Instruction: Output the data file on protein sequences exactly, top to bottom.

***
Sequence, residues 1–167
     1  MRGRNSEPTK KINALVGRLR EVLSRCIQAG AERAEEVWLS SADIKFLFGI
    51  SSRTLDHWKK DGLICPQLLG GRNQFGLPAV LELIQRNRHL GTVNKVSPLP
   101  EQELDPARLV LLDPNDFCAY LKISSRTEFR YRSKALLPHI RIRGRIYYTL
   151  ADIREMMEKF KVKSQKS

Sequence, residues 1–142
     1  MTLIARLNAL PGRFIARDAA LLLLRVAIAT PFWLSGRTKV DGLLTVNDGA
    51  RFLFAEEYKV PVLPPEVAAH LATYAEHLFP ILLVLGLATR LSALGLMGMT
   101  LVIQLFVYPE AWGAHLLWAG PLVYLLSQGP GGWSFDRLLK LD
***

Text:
Sequence, residues 1–167
     1  MRGRNSEPTK KINALVGRLR EVLSRCIQAG AERAEEVWLS SADIKFLFGI
    51  SSRTLDHWKK DGLICPQLLG GRNQFGLPAV LELIQRNRHL GTVNKVSPLP
   101  EQELDPARLV LLDPNDFCAY LKISSRTEFR YRSKALLPHI RIRGRIYYTL
   151  ADIREMMEKF KVKSQKS

Sequence, residues 1–142
     1  MTLIARLNAL PGRFIARDAA LLLLRVAIAT PFWLSGRTKV DGLLTVNDGA
    51  RFLFAEEYKV PVLPPEVAAH LATYAEHLFP ILLVLGLATR LSALGLMGMT
   101  LVIQLFVYPE AWGAHLLWAG PLVYLLSQGP GGWSFDRLLK LD